What to do with stray and feral cats

Should you feed stray cats? Who do you call? What are the best steps to keep them safe? All will be answered.

It truly does break our heart to think of any cat living on the streets as a feral or stray. In our eyes, all cats deserve a loving home where they can curl up and snooze the day away without a care in the world, that’s what they were built for. Anything less is an injustice to cat kind, but unfortunately is the reality for many street kitties all over the world.

 

Each lost soul has their own story, whether they’ve escaped their homes, lived their whole lives outside, or tragically been abandoned by their humans, they are tough creatures and amazingly adapt quickly to these challenging environments. But knowing what to do if you come across a stray or feral cat can be tricky. Instinct tells you to try and bring them home and smother them with love, but for a lot of street cats life on the outside is all they know. Read on to learn all about what to do if a stray does happen to enter your life, and what to do next to keep them as safe as possible.

A good place to start is it’s important to remember there’s a huge difference between Stray and Feral cats. Here’s some easy ways to tell them apart (courtesy of Cats Protection). 

Strays

  • More likely to be friendly to humans and appear well groomed and fed
  • Tend to be lone rangers
  • Will often hang around near houses and in gardens
  • Could be microchipped if they are a lost or abandoned pet
  • Have suddenly appeared and seem lost or new to the area

 

Feral Cats

  • Not so friendly to humans and often fearful due to a lack of human socialisation
  • May be alone but often live in groups with other feral cats
  • Tend to avoid humans and live away from populated areas
  • Unlikely to be microchipped
  • Feral cats will choose a place to settle in more permanent shelters unlike lost cats trying to find their way home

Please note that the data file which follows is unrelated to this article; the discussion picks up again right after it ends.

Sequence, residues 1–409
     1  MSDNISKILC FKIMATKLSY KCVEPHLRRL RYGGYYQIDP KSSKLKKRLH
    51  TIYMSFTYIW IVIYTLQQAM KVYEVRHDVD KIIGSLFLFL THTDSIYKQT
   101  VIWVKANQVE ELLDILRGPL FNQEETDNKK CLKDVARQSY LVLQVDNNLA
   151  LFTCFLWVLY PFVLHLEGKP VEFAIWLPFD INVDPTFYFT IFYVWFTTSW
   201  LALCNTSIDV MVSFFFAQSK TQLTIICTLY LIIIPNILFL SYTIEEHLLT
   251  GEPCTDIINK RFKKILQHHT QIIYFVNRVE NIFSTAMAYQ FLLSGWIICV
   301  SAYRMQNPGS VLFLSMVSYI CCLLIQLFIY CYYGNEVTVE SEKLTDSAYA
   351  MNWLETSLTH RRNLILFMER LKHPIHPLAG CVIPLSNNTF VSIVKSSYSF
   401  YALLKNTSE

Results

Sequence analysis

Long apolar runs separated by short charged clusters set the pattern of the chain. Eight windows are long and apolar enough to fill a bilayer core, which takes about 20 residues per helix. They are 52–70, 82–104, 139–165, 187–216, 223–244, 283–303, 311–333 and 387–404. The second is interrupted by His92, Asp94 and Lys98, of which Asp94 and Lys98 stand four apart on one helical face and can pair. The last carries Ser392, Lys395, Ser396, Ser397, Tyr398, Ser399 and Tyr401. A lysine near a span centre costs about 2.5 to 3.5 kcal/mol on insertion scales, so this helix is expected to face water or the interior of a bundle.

What to do if you find a cat

If you do come across a cat in your local area you believe to be homeless there are steps you can take to help. Assessing whether you think you’re dealing with a stray or feral cat is important to know whether to step in, you can use our guide above to help.

 

If you’ve happened across a friendly fellow that’s in need of a helping paw, looking for a collar/identification tag is a great place to start in steps to finding the original owner of the little guy. If your four-pawed friend seems pretty comfortable around you and being handled, then a trip to local vets is the ideal course of action. Your vet will be able to scan for microchip and hopefully get in touch with their humans.

 

Lucky for the strays, we are living in the days of social media. Sharing pictures online of your furry discovery is an amazing way to search and reunite the cat and their owners. Tread carefully though, always ask lots of questions and request proof of ownership to anyone that comes forward to claim the cuddle monster, you don’t want to get it wrong. There are many lost pet groups on Facebook where you can share pictures – nextdoor.co.uk is a great local community forum, and even Instagram can help to spread the word.